And now a Reuters/Ipsos national opinion poll learned Democrats have lost the support of millennial voters by a almost 10 percent margin over the space of two years as the 2018 midterm elections loom.
"It sounds unusual to me to say this about the Republicans, but they're helping with even the small things", Nathan Hood, an African American in Louisiana said about his choice in the poll.
The publication also spoke to Ashley Reed, a 28-year-old "white single mother of three in New Hampshire".
That presents a potential problem for Democrats who have come to count on millennials as a core constituency - and will need all the loyalty they can get to achieve a net gain of 23 seats to capture control of the U.S. House of Representatives in November.
Denver Metro Chamber of Commerce President/CEO Kelly Brough, who has been talking with legislators regarding both transportation funding and pension reform, said that continues to believe that something will get done on both of those topics - partly because this is an election year and voters are expecting the Legislature to come up with solutions after years of inaction on both fronts. But in 2018, 46 percent said they support Republicans and only 37 percent said Democrats.
According to Christopher Galdieri, a politics professor at Saint Anselm College in Manchester, New Hampshire's Democrats have an early edge in voter enthusiasm after a string of victories in races for state legislative seats. "They're easier to convince than, say, your 50- or 60-year-olds who don't really change their minds very often".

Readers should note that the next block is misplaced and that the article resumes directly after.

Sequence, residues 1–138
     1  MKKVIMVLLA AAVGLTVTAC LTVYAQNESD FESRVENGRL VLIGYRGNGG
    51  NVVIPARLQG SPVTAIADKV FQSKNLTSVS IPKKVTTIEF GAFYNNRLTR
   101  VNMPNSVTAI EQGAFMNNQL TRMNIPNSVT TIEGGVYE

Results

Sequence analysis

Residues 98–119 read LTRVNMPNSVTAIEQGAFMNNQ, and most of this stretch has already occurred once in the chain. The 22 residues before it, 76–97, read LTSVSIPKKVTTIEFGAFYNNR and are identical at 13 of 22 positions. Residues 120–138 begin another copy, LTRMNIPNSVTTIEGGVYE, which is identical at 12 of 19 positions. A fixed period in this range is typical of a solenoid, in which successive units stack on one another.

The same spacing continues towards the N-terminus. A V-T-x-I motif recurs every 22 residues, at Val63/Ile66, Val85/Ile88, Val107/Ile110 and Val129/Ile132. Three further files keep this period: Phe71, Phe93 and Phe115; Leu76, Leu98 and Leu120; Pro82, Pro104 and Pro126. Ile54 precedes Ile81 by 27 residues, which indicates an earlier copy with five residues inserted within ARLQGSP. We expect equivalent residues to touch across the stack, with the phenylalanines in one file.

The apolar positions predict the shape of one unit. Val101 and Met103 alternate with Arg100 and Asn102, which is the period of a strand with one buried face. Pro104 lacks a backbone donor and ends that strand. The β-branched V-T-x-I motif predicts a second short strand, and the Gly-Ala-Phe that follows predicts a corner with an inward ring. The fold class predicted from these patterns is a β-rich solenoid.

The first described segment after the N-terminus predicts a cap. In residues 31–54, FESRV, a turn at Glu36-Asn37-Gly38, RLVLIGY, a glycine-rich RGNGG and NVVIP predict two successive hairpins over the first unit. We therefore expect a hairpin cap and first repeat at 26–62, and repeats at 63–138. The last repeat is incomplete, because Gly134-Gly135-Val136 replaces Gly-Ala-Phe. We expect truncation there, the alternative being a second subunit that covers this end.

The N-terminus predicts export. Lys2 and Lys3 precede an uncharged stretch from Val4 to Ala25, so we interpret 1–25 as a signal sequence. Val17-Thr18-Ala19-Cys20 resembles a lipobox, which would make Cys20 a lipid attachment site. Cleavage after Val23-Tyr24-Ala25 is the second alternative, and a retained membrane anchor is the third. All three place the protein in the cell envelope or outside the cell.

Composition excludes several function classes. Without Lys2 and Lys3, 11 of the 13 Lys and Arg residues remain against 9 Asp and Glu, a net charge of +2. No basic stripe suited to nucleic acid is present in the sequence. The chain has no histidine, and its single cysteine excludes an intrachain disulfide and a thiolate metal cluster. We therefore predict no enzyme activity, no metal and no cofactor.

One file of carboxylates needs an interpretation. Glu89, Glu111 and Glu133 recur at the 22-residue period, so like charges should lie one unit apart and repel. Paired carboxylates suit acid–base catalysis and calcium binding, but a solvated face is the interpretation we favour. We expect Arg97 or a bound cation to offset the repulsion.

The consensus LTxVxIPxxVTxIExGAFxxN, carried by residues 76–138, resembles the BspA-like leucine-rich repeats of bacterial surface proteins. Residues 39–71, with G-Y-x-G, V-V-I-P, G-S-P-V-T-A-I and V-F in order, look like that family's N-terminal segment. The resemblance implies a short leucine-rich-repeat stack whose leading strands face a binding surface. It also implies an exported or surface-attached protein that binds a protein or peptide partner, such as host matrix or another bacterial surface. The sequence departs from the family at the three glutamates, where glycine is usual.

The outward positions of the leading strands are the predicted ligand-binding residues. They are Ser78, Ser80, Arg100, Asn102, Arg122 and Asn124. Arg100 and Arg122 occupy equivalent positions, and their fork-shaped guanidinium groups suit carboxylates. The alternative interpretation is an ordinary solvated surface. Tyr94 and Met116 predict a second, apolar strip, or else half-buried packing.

The Reuters/Ipsos poll surveyed 16,000 registered voters aged 18 to 34 in the first three months of 2018 and concluded with a 1 percentage point margin of error.
In other words: It's still the economy, stupid.
While two years has not been enough to sway this new generation toward the Republican party, many seem to be growing disenfranchised with liberal efforts to recruit them.
The Democrats are hoping for a "Blue Wave" of victories in the upcoming midterm elections. "While Democrats are favored to take back the House, it's by no means a certain proposition".
She said on the 2016 failure, "Instead of having real conversations with them, we settled for TV ads".